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Conflict of Interest Management: Post-Employment Policies

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Practice Advice on Human Resource Management

Conflict of Interest Management: Post-Employment Policies  (OECD)

Summary Advice: The OECD advises governments to create policies to manage potential conflict of interest situations in post-public employment.

Main Points: The public sector has faced a growing challenge on how to attract the best and the brightest personnel. The horizontal movement of personnel between the public and private sectors, known as the "revolving" door phenomenon, supports the development of skills and competences. However, it also raises the risk of conflict of interest. Several OECD countries have encouraged the movement of personnel between the public and private sector. While most OECD countries support the idea that civil servants should develop and facilitate their skills in the private sector, transfer from public to private sector raises questions about potential use of special insider knowledge and the misuse of confidential information.

Post–public employment may also become a contentious issue, especially in periods of government transition, downsizing and outsourcing. The OECD recommends that, in an effort to prevent the misuse of confidential information by former officials and minimize the possibility of using public office for unfair advantage in obtaining post-employment, governments officials should:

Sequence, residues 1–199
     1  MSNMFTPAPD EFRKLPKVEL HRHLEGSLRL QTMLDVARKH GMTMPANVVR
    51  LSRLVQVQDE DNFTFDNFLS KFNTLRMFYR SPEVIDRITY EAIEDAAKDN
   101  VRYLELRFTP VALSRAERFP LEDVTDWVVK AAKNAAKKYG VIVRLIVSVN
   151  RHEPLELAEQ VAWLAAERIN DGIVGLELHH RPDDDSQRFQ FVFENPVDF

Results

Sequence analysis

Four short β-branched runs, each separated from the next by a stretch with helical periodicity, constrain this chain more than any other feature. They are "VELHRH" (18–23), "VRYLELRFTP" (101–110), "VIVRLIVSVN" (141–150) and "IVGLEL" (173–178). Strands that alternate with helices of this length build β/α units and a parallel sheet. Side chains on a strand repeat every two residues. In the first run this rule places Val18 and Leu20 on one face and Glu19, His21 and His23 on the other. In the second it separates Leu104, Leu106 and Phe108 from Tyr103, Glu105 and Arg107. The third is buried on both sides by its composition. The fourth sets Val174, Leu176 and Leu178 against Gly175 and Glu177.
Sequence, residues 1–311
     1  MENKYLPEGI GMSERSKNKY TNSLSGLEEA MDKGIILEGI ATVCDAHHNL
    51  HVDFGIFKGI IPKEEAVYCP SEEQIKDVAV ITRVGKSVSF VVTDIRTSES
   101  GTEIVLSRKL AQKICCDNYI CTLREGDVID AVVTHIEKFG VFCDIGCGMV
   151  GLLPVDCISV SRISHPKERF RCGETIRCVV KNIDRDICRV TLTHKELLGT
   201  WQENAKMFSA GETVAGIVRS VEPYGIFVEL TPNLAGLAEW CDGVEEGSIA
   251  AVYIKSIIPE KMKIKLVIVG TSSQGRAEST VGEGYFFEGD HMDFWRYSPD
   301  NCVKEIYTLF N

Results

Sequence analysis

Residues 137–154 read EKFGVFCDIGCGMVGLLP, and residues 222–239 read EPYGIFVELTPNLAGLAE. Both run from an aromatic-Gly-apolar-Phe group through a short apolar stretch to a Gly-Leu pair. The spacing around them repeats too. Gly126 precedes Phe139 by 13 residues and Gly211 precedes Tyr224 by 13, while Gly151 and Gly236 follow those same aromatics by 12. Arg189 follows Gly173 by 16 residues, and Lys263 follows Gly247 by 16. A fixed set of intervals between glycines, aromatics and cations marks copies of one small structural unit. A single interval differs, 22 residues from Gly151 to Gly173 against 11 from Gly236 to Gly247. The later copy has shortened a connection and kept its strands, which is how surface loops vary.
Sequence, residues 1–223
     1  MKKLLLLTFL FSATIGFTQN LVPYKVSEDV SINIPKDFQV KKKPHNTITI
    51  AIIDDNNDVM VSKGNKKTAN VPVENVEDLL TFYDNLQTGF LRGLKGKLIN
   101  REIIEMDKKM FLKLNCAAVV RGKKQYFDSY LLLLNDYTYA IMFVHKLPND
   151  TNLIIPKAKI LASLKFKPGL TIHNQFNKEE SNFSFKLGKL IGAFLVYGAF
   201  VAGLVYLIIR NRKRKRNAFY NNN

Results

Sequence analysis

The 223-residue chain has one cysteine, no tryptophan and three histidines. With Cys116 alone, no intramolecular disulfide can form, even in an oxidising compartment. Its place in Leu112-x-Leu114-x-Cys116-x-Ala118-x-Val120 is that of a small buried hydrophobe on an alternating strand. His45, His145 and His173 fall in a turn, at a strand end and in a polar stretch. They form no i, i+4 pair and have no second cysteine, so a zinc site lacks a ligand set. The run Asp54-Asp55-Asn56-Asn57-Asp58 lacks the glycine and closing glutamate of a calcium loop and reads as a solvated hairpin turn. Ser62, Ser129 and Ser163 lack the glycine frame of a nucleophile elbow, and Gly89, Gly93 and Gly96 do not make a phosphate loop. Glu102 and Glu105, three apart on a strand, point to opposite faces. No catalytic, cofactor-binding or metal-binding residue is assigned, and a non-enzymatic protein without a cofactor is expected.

• Set standards for preventing conflict of interest must properly reflect public expectations.
  • Ensure that existing mechanisms enable the affective application of standards in case of conflict of interest situations.
  • Discourage the inappropriate use of personal influence, and avoid suspicion of rewarding past decisions which may have benefited a prospective employer.
  • Restrictions should differ according to the level of officials, the more senior the official, the more stringent the restrictions. The most senior level of officials are top decision makers such as ministers, cabinet members, senior political appointees and their advisors, Members of Parliament and Congress, as well as senior civil and public servants, chief executives and managers of state-owned enterprises.
  • Strive to find the right balance in the legal framework between excessive prohibitions and restrictions for post-public employment. Too stringent restrictions for post-public employment may discourage knowledgeable and experienced people from entering the public service. Flexibility in deciding on unique cases should be retained, however, to ensure objectivity and fairness; decision-makers must develop standards for deciding unique cases.
  • Task a government entity with the implementation of decisions on post-public sector employment. A combination of traditional disciplinary measures, as well as criminal and administrative sanctions should be made available for use in non-compliance cases.

In sum, maintaining trust in the legitimacy of public decisions requires that public officials put in place frameworks and arrangements for ensuring transparency of policymaking and accessibility of information for all stakeholders.

Source: OECD (2010). Post Public Employment: Good Practices for Preventing Conflict of Interest at: (accessed 3 January 2013).

Page Created By: Khilola B. Zakhidova on 3 January 2013. Updated by Ian Clark on 5 January 2013. The content presented on this page is drawn directly from the source(s) cited above, and consists of direct quotations or close paraphrases. This material does not necessarily reflect the official view of the publishing organization.

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